Henry IV’s parents were John of Gaunt, the third surviving son of Edward III and his wife Blanche of Lancaster (4) – who very definitely wasn’t queen of England.

Henry V’s mother was Mary de Bohun (5) who died before Henry IV usurped Richard II’s throne.

And then we arrive at the Wars of the Roses – Edward IV and Richard III’s mother was Cecily Neville (6 and 7), the daughter of the 1st Earl of Westmorland and her husband was Richard of York.

Henry Tudor who became Henry VII was the last scion of the House of Lancaster, certainly his claim to the throne couldn’t be described as very strong bloodline wise but he did win the Battle of Bosworth – his mother was Margaret Beaufort (8), descended from John of Gaunt and Kathryn Swynford. The Beaufort children from the union were retrospectively legitimised by Richard II and then excluded from the throne by Henry IV.

James I of England but VI of Scotland’s mother was, of course, Mary Queen of Scots (9).

If you’re being picky Anne of Denmark (ii) was queen of Scotland when she gave birth to Charles I – he was too sickly to initially travel to England with the rest of the family but like Matilda of Flanders she was crowned once her husband took the throne.

James II’s wife was Anne Hyde (10 and 11) she died in 1671 before James ascended the throne in 1685. Therefore their daughters Mary and Anne are on the list and since Mary reigned alongside her husband William of Orange he also features. William of Orange’s parents were William II of Orange and Mary Henrietta (12) a much loved daughter of Charles I.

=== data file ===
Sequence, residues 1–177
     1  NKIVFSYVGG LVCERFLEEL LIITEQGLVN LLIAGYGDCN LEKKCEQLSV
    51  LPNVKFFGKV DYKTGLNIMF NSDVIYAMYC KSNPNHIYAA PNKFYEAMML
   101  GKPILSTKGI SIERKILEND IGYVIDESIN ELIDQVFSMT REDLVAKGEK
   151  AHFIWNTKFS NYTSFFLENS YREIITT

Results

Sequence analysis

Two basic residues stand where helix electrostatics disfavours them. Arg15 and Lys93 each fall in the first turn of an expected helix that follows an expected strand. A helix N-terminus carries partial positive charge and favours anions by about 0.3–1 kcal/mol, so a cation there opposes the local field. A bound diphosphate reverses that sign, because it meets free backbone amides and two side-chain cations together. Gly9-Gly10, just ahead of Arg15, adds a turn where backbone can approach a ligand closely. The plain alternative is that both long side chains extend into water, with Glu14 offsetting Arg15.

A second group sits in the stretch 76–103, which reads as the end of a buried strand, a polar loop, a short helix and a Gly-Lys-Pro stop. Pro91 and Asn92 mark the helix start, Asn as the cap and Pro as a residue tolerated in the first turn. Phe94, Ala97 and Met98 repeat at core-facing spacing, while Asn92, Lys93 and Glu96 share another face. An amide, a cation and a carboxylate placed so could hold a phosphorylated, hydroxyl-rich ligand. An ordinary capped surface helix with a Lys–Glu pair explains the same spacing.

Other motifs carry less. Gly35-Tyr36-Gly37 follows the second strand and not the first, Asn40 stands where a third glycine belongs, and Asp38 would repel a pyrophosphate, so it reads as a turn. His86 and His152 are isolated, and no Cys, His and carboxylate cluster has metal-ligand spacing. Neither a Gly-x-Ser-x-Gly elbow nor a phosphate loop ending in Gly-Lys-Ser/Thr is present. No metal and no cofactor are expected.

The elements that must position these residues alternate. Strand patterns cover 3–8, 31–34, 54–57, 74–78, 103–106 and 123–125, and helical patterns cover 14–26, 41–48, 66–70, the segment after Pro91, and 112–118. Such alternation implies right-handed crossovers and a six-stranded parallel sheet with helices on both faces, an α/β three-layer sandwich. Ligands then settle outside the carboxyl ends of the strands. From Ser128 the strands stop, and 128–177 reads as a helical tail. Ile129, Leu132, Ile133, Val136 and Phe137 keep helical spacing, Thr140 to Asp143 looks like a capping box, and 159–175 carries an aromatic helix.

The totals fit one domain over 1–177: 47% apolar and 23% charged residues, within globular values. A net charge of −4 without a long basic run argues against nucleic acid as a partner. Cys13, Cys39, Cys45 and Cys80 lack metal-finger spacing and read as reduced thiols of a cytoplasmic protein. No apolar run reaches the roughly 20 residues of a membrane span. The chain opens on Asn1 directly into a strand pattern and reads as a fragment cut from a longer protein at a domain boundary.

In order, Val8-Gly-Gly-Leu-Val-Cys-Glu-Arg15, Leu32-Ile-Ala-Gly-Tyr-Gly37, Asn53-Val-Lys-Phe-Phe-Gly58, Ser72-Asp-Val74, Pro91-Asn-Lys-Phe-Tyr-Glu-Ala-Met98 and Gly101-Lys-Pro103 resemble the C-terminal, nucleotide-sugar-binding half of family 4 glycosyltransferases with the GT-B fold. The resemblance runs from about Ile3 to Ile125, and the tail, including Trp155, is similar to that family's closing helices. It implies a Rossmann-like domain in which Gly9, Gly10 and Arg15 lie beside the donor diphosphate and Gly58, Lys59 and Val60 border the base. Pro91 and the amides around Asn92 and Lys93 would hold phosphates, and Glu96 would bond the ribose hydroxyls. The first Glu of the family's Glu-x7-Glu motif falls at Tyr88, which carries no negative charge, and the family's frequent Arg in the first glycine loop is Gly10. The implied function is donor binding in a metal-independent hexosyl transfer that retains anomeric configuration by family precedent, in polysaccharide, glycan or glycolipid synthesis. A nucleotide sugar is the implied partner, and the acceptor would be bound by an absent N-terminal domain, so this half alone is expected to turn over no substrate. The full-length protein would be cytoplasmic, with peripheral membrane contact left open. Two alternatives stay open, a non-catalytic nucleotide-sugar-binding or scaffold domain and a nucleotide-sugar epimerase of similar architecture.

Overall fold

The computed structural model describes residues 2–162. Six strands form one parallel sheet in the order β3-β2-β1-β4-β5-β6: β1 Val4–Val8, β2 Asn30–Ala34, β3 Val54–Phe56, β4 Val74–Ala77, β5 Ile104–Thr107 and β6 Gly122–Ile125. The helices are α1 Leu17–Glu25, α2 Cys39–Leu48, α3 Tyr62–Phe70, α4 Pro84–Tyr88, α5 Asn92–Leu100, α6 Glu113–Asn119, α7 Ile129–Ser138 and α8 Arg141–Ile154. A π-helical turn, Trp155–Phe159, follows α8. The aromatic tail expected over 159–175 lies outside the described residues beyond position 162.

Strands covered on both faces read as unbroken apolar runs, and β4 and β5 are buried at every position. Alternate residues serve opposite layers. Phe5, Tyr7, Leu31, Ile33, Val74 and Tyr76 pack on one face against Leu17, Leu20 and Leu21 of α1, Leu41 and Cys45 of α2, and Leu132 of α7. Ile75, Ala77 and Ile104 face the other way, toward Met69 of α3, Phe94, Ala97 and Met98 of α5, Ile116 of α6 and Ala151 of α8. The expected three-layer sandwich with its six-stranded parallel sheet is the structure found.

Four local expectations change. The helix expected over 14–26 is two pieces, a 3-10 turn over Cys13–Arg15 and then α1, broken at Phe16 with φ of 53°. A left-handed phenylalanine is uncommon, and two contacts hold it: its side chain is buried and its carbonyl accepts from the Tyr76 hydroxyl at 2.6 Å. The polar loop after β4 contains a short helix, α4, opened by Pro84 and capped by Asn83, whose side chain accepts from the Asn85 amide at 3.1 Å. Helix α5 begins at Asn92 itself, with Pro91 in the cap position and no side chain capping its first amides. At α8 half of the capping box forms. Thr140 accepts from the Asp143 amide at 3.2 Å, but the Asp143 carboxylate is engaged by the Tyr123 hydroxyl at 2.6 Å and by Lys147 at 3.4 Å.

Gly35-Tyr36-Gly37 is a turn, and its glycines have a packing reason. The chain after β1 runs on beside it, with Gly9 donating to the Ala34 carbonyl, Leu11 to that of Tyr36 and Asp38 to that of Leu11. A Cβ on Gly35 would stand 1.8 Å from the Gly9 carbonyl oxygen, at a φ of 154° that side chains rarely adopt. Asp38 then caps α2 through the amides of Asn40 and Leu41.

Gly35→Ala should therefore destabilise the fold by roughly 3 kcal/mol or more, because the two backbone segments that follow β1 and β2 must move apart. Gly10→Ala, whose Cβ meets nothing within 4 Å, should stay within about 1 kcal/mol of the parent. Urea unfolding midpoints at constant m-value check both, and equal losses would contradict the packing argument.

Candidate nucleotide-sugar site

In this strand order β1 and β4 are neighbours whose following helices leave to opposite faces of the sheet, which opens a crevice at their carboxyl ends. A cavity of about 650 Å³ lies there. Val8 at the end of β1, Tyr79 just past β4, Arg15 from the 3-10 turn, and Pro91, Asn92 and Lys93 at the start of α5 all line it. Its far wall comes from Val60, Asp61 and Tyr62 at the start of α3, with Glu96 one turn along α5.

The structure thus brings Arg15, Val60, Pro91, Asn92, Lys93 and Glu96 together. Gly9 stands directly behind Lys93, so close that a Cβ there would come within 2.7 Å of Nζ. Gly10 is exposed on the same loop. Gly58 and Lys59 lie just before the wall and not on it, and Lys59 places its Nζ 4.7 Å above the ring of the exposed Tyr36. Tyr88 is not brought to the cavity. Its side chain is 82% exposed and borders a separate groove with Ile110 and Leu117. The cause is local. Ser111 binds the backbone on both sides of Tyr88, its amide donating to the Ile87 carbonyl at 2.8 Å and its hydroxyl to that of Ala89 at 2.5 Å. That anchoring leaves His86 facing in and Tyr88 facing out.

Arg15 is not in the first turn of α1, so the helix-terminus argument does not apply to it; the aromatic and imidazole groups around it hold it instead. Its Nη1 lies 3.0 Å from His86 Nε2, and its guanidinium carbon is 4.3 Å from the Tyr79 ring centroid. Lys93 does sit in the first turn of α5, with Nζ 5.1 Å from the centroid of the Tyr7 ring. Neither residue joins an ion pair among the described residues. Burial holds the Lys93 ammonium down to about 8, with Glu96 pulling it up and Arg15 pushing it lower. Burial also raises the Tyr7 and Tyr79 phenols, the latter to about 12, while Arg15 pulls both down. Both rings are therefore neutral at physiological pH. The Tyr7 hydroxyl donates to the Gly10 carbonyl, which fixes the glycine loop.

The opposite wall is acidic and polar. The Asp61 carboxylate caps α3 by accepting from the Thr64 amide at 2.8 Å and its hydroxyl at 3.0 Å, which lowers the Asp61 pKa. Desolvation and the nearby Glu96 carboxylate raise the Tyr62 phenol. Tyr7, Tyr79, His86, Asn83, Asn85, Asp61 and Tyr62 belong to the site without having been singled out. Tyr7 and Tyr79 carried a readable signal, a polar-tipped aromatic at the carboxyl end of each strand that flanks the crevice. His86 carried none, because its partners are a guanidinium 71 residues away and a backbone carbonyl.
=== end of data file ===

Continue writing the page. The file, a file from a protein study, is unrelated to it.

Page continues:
When Queen Anne died in 1714 her nearest Protestant relation was her third cousin George of Hanover – he was a grandson of Elizabeth Stuart, the Winter Queen – so the daughter of James I and Anne of Denmark. George’s mother was Elizabeth’s daughter Sophia of the Palatinate better known as Sophia of Hanover (13). She was Queen Anne’s heir but predeceased the monarch by two months.

George II’s mother was Sophia Dorothea of Celle (14) – the marriage with George of Hanover had not been happy one. On being told that she was to marry George, Sophia threw his picture at the wall declaring she wouldn’t marry “pig snout” – sadly she wasn’t given any option in the matter. His family didn’t like her overly much and she didn’t like them or her new husband. It was apparently perfectly acceptable for George to take a mistress but Sophia’s relationship with Count Philip Cristoph von Konigsmarck resulted in his death and her incarceration for thirty years in Ahlden where she died.

George III was possibly married bigamously to Queen Charlotte in which case George IV shouldn’t have been king anyway, and nor should William IV but that’s an entirely different story and so far as the record is concerned their mother was the queen of England and George III’s only spouse…despite what other documents might suggest.

Queen Victoria’s father was George III’s son Edward, Duke of Kent. Her mother was Victoria of Safe-Coburg-Saalfield (15).

And finally King George VI was Duke of York when our current queen Elizabeth II was born – her mother was Elizabeth Bowes-Lyon (iii) who became queen in 1936 when her brother-in-law abdicated. The coronation took place in 1937.